The Big Bang or crash will either take some time to play out … or things will very quickly change beyond the imagining of many, Tom Kath.

      One hopes (has hoped, for far longer than three years) that sanity prevails.

      So far, pathology, demagoguery, deceit, and violence have only doubled-down, again and again.

      Deja vu all over again … and again … and again.

      One “exceptional” moment after another.

      Lied into war …

      Torture …

      Looking forward not back …

      Not politicizing “policy” differences …

      Extra judicial killings of U$ citizens
      rendering “due process” moot …

      Drone warfare …

      Libya …

      Syria …

      And, the empty form of law applied to those “too big to jail”, creating a two-tiered “justice” system, criminal law for the many and tort law for the few …

      Now, it is the “right” of “first strike” …

      Utter madness prevails and patience is a virtue those of us who have witnessed it most sincerely appreciate, even though it does not radiate from the exceptional and indispensable …

      That idiocy extends further in the war against the environment, itself.

      If the twin insanities of endless war and the destruction of the environment do not describe total insanity, then one shudders to ponder what does.

      • Tom Kath
        May 8, 2019 at 21:31

        Yes DW, you are quite right, it may take some time or happen quickly. Just remember that even a dead thing, and especially a big one, can still stink for a long time.

  11. Zhu
    May 6, 2019 at 23:43

    A lot Americans assumed that they could kill other people, but other people couldn’t hurt them. That’s why the 9-11 bombings were so shocking to people in general. They were no longer invulnerable.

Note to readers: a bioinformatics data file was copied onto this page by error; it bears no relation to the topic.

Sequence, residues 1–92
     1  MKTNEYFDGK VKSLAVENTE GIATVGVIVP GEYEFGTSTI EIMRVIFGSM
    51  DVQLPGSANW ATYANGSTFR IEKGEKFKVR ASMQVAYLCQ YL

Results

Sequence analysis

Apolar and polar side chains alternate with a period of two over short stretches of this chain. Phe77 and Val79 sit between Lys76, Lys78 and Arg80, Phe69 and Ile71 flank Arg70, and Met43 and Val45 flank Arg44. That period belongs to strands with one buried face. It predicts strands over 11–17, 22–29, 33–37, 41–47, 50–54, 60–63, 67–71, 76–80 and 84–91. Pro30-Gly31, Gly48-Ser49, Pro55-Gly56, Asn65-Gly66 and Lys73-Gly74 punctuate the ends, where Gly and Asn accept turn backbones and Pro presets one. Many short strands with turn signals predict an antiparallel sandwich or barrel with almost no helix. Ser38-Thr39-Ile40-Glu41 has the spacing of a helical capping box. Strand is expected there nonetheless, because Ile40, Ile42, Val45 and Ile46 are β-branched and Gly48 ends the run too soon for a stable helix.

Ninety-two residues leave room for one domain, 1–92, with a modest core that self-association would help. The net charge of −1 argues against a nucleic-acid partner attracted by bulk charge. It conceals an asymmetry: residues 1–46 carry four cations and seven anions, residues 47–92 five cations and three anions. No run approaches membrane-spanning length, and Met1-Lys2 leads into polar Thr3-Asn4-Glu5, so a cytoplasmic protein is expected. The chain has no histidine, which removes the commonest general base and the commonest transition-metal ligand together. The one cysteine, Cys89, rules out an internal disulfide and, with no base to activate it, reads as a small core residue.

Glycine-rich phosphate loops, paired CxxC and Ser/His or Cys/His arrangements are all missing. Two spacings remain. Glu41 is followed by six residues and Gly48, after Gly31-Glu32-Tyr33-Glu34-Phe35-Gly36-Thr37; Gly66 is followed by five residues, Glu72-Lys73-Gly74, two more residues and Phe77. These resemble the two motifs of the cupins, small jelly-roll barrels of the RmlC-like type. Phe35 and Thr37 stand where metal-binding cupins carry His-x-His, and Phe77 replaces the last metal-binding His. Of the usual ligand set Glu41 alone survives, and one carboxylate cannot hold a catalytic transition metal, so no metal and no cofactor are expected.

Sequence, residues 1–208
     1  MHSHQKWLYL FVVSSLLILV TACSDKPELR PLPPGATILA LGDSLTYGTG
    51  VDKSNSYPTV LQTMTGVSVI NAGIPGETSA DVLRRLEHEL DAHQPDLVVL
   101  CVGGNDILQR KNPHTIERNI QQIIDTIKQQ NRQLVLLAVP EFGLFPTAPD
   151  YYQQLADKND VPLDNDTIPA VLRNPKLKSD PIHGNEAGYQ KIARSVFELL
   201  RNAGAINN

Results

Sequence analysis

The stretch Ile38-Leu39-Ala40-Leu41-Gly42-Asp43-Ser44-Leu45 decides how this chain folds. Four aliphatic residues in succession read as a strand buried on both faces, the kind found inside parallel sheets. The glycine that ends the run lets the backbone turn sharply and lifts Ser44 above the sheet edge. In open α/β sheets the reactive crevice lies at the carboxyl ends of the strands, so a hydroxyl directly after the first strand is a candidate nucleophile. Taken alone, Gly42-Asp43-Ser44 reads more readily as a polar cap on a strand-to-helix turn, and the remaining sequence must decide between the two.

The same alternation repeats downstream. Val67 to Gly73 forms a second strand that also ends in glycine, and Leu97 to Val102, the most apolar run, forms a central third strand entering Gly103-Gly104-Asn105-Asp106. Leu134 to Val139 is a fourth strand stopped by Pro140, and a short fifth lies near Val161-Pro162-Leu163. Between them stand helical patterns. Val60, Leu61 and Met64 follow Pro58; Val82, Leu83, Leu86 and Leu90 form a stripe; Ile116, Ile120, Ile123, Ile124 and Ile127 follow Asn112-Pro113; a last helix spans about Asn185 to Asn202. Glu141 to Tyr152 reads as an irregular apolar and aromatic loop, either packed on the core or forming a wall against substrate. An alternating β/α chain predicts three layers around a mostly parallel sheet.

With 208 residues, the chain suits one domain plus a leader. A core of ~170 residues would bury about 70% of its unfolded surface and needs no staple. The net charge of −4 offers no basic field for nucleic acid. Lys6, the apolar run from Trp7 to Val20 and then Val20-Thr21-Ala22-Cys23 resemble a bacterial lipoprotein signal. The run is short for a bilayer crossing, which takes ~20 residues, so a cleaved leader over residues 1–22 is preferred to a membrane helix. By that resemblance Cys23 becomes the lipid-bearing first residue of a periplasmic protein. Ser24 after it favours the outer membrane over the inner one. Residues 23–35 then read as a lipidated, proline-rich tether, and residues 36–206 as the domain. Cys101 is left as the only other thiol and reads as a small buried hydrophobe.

• May 7, 2019 at 13:59

      New, improved strategy is to starve other people. That is perhaps safer.

  12. Sam F
    May 6, 2019 at 21:30

    The US Constitution does not in fact permit “exceptional” or “emergency” use of military force beyond repelling invasions and suppressing insurrections. The Constitution prohibits Congress from approving or interpreting any treaty like NATO to permit military action that is aggressive, because that is not within the federal powers. But the Legislative, Executive, and Judicial branches all look the other way, as they are all fully corrupted by economic power.

    They are all appointed or elected by money, from the MIC, Wall St, and the Israel lobby. It is the unregulated market economy that has replaced the former US democracy with a dictatorship of the rich, not a theory of exceptionalism. The oligarchy is fully aware that they are traitors in economic war against the United States.

    • Peter Loeb
      May 7, 2019 at 14:20


      There have been so many cases of excep;tionalism in both American a domestic policy that
      it is impossible to number them all.

      Native Americans were not, of course, “foreign”. KSlaves were property.

      In the area of “aggressive foreign policy” note the Seminole Wars lead with murderous victory
      by Andrew Jackson.Congress was not informed prior to the invasion but after in a memo by
      then Secretary of State John Quincy Adams. American heroes such as Thomas Jefferson
      were congratulatory. Jackson became an iconic American hero,

      Se bl an Francis Jennings, THE CREATION OF AMERICA. And other works.(James Earl Weeks and
      others on Adams.)

      —Peter Loeb, Boston, MA

      • Sam F
        May 8, 2019 at 12:10